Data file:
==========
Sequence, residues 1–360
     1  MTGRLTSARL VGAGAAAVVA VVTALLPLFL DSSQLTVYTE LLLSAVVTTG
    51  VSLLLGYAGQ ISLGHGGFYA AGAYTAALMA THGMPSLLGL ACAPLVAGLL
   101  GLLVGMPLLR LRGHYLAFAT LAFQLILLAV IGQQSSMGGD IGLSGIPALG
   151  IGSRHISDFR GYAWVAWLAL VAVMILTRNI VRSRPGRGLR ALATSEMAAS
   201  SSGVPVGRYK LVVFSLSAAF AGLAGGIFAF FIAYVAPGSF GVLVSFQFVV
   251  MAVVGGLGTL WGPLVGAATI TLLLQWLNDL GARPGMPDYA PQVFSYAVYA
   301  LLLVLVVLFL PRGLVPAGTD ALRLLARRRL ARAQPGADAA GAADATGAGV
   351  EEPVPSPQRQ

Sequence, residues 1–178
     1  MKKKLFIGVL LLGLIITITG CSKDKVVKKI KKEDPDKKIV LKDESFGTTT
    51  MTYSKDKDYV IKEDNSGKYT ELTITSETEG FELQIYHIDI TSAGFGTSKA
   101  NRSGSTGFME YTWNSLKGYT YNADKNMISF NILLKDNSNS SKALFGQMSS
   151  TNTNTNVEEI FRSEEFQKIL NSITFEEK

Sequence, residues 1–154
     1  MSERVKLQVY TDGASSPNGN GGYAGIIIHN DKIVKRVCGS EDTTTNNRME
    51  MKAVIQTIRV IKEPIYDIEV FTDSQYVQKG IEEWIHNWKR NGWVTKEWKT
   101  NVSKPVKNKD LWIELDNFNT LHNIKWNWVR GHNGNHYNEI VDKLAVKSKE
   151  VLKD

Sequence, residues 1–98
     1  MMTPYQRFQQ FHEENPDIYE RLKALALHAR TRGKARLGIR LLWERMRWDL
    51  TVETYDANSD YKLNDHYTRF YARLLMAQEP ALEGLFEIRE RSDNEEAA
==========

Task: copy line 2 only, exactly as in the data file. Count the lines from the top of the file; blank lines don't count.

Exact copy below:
     1  MTGRLTSARL VGAGAAAVVA VVTALLPLFL DSSQLTVYTE LLLSAVVTTG